Announcement

Collapse
No announcement yet.

Azure Replacing Cairo In Mozilla Firefox

Collapse
X
  • Filter
  • Time
  • Show
Clear All
new posts

  • #16
    Originally posted by drag View Post
    Why the hell should I help YOU out? So far you have been nothing except being a unreasonable jerk.
    So true, I don't know what's wrong with him, my GeForce 9600gt doesn't cause me any troubles, it's fast, no problems playing full screen 720p/1080p youtube flash video (which uses vdpau), all games work, haven't noticed a bug.

    Comment


    • #17
      My Linux graphics drivers work flawlessly on the desktop

      Originally posted by birdie View Post
      drag, you ARE ridiculous.

      I have yet to find any good stable working OpenGL driver for any GPU in Linux.

      Will you tell me which one truly WORKS? Which one is bug free, supports all features, doesn't crash occasionally, is fast enough, etc?
      http://www.x.org/wiki/RadeonFeature

      I have an AMD/ATI R710 GPU, which was very cheap indeed. The radeon r600g Gallium3D driver runs my coposited KDE4 desktop just fine, using either the Xrender or the OpenGL backends for kwin. The desktop rendering runs at 60Hz, and it is only this speed because it is frame-locked to the monitor refresh rate.

      In other words, for desktop applications such as Mozilla's Firefox browser, I can tell you that the free Radeon drivers (using KMS) called "radeon" (xf86-video-ati) from X.org truly WORKS, is bug free, supports all features (in the context of Firefox running under KDE4), doesn't crash occasionally and is fast enough.

      Enjoy.

      Comment


      • #18
        Originally posted by runeks View Post
        I have been using the open source drivers for my HD 3870 for about three years now. I have never experienced a crash on the stable versions, and only a single time on the git versions (this bug specifically).

        It's not fast enough for heavy 3D games though. But surely fast enough for 2D rendering.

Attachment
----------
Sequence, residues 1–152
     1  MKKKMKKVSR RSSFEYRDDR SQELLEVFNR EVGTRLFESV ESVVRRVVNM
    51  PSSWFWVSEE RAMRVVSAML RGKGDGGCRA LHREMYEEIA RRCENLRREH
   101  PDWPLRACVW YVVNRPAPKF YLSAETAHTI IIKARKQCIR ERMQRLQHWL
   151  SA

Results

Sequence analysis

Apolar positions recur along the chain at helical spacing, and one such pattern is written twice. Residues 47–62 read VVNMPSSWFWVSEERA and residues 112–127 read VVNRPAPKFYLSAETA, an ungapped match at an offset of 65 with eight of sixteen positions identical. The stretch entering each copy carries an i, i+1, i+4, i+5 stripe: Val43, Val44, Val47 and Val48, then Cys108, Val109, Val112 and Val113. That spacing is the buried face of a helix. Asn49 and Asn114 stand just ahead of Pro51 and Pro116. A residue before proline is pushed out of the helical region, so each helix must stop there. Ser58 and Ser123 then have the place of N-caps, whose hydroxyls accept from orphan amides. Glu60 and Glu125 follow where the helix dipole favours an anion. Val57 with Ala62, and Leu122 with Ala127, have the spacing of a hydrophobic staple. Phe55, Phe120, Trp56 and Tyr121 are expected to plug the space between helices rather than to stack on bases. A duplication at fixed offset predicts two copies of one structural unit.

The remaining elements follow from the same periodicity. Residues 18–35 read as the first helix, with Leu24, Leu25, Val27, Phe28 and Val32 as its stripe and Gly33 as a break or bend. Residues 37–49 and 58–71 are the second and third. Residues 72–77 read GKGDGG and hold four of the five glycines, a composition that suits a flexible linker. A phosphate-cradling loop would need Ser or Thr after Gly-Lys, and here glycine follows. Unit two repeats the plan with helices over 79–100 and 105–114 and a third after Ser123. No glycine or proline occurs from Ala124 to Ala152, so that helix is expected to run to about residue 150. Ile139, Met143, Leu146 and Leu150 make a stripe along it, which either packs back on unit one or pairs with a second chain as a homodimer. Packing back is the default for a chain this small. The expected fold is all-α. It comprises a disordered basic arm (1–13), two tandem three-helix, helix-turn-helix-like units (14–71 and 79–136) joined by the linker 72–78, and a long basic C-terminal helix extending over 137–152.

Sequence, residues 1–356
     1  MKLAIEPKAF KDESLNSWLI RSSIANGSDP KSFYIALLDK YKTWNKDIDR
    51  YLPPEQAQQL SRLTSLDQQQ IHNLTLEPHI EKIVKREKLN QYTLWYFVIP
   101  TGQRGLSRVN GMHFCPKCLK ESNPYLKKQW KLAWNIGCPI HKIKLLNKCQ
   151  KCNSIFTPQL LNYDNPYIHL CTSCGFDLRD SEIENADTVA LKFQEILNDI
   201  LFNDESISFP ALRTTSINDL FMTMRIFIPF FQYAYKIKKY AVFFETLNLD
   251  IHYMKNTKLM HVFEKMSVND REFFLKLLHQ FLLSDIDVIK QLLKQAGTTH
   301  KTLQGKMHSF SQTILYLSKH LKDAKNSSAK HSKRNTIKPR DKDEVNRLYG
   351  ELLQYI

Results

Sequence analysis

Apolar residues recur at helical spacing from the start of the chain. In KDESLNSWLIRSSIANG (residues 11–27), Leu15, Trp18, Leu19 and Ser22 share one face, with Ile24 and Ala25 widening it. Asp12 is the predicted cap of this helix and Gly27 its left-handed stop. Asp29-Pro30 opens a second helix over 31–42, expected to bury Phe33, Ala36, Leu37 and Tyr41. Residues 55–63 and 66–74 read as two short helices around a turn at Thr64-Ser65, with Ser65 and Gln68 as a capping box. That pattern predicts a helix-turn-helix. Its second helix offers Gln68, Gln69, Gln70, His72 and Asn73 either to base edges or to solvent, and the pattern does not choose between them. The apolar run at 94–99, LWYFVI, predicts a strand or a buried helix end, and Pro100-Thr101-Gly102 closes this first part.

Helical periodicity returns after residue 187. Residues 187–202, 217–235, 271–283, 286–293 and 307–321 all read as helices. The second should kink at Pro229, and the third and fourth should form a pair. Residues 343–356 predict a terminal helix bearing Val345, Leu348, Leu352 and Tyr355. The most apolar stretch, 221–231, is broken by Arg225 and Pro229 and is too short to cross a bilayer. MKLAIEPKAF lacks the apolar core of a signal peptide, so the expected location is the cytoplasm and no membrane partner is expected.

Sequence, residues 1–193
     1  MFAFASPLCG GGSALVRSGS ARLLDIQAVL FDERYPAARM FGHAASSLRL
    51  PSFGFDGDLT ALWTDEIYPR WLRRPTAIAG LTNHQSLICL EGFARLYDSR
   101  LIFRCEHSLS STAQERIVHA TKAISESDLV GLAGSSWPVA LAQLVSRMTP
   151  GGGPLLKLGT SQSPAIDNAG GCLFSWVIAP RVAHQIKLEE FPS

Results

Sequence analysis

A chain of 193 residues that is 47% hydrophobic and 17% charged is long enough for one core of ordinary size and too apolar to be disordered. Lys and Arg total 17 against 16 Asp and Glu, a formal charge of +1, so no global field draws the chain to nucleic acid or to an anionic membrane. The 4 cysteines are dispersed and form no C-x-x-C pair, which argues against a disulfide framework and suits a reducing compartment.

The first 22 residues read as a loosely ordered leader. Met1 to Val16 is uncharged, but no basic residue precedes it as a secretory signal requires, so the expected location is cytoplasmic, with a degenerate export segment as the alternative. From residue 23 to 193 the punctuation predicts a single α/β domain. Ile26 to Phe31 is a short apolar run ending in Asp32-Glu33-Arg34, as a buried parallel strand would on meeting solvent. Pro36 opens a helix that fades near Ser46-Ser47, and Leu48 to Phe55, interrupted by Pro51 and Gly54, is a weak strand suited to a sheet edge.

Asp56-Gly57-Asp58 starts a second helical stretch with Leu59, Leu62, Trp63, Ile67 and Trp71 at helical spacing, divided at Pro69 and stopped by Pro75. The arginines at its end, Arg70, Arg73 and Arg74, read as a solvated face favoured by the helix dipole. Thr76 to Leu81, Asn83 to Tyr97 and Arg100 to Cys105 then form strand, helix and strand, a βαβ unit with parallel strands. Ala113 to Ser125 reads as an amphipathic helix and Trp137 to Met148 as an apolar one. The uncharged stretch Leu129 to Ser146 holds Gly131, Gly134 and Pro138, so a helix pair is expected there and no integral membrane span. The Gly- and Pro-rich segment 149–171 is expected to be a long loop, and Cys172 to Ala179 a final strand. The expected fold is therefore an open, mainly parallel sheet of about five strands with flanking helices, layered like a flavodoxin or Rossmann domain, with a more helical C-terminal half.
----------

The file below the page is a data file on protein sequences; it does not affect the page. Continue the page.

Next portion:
Don't forget to mention that Firefox running on a desktop, using either Azure or Cairo, is perfectly within the scope of open source GPU drivers capabilities.

        WebGL has been a bit problematic, it doesn't work in Firefox 4 or 5 with open source graphics drivers, which has really been more of a problem of Firefox than of the open source drivers. The issues are fixed now, and even WebGL (which uses OpenGL 3D functions) should be fine for Firefox 6 or later.

        Firefox 6 is due for formal release on August 16th. You can run it now in beta.
        Last edited by hal2k1; 07-27-2011, 12:24 AM.

        Comment


        • #19
          Originally posted by cl333r View Post
          I think it says what we all knew already.
          Hopefully they at least enable the nvidia blobs by default since they're good enough.
          The open source Gallium3D drivers have also been enabled by default.

          There was one bug stopping WebGL for open source Gallium3D drivers:
          https://bugzilla.mozilla.org/show_bug.cgi?id=624935

          This FIREFOX BUG has been marked as "RESOLVED FIXED". The "un-blacklist Gallium3D" change landed on Mozilla central a month ago on Mon Jun 27 :
          http://hg.mozilla.org/mozilla-central/rev/8e5753fe4939

          I'm not sure if this "un-blacklist Gallium3D" change made it to Firefox 6 or not, there was still some doubt about it in May:

          http://www.phoronix.com/scan.php?pag...item&px=OTQwOA